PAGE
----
Move dictionary from instance to class level

Frank Millman frank at chagford.com
Thu Aug 27 12:21:10 CEST 2009


Dave Angel wrote: 
> 
> Frank Millman wrote:
> >
> > That is definitely *not* what I want to do.
> >
> > I want to make the server as generic as possible, so that 
> it can handle any
> > type of client, hopefully even including a browser 
> eventually. Therefore the
> > server has no knowledge of wxPython event types.
> >
> > I have abstracted all the event types I am interested in 
> (the list is fairly
> > stable now). My protocol requires that the client maps a 
> specific gui event
> > type to a message identifier, and the server maps the 
> message identifier to
> > a method that handles the message.
> >
> > Hope that makes sense.
> >
> > Frank
> >
> >
> >   
> Yes, it makes sense. Sorry for heading down that particular 
> dead-end.  
> But the more I think about it, the more likely I think it is 
> that you'll 
> be adding new message types, even if they're just variants of ones 
> already defined.  So it might behoove you to have a shared "data 
> structure" that describes the whole message, not just equates 
> a name to 
> an integer.
> 
> Or consider pickling.  I don't know the tradeoffs, but the 
> idea is that 
> an object is constructed at the other end that has all the same data 
> members as the object you had at this end.  Perhaps with a flexible 
> enough class definition, you could represent all or at least 
> several of 
> your messages with the same object.
> 
> I am curious about your topology.  You're sending events from 
> the client 
> (which presumably has a mouse and keyboard) to a server.  But 
> what does 
> the server do with those?  Does it have its own screen, or what?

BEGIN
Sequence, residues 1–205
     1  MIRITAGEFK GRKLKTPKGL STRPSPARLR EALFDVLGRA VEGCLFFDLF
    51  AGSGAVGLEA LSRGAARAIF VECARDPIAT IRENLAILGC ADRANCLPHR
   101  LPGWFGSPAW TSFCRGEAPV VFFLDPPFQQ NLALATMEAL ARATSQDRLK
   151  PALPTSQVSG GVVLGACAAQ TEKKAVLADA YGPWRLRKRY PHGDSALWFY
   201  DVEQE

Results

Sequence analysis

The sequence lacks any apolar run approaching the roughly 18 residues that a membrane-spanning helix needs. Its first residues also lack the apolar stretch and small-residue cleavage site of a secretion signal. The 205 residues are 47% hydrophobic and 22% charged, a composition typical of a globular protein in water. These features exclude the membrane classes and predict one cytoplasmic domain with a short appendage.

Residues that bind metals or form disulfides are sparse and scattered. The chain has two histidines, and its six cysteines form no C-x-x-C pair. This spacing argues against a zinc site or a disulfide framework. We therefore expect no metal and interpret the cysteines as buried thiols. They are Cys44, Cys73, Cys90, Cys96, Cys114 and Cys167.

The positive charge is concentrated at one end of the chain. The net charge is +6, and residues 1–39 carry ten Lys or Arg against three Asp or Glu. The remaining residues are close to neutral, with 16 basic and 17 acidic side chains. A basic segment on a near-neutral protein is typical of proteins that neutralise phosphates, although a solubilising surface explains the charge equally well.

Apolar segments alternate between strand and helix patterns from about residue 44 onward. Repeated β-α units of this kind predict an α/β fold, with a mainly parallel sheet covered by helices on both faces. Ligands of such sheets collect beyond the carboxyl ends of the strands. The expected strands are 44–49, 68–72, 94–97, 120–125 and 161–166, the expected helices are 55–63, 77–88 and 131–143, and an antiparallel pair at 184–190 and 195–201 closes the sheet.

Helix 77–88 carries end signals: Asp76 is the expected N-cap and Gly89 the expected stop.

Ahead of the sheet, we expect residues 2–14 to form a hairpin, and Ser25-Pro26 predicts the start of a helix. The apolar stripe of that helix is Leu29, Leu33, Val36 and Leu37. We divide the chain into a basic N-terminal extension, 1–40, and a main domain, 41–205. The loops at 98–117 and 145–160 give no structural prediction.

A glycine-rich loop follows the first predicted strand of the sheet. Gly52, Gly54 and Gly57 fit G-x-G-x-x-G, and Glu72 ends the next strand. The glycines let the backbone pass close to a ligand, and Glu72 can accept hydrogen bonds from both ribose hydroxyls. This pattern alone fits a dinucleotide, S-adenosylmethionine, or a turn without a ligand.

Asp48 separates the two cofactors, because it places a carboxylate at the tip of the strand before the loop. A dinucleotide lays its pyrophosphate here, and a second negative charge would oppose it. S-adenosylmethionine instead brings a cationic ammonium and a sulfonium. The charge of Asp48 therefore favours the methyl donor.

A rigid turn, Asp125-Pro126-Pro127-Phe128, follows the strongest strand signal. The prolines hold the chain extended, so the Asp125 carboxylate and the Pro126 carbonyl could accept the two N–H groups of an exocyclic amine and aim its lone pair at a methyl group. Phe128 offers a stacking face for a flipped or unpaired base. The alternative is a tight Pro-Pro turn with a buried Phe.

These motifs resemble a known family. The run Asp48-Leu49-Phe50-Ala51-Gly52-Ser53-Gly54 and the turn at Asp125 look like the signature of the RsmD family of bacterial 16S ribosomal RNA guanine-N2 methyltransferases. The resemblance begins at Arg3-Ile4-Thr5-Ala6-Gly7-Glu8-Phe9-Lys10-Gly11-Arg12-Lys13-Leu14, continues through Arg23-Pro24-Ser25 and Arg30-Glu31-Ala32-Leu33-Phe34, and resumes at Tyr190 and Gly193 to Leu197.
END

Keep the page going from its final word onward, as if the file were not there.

> 

I'll try to explain.

I am writing a fairly standard business/accounting application. (I am now
adding Business Process Management to it, which is complicating matters, but
that is another story.)

Most of the gui stuff is basic forms processing - screens with static data,
text fields for display and input of data, and buttons for signifying
certain actions to be taken.

My original attempt had both the gui and the business logic running on the
client, with a connection to a database running on a server. It worked, but
then I realised it was very insecure - it would be easy to hack the python
code, bypass the business logic, and allow any update to the database.

So my second attempt took all the business logic out of the client and put
it onto the server. To execute a form, the server builds a form definition
by creating objects to represent each of the widgets, creates a list of the
components with sufficient information for the client to render them , then
sends a json'd copy of the list to the client, which interprets it and
displays the required form. The client informs the server of each event, and
the server handles the event in much the same way as it did before when the
business logic was on the client.

For example, clicking a button triggers a response which could involve
updating the database, displaying another window with additional data, etc,
etc. Previously there would have been a method on the client designed to
handle the response, and the method would be added to the button constructor
so that it would be called when the button was clicked.

Now the method is on the server, and is stored as an attribute of the button
object on the server. When the user clicks the button, the message is passed
up to the server (each widget has its own id, which is part of the message),
the server is notified that the button was clicked, and it calls the
associated method.

There is a lot more to it than that, but hopefully that will give you an
idea.

If I ever get this to a workable state (it is taking far longer than I
anticipated) I will release it as open source, and will then welcome as much
feedback as possible.

Frank




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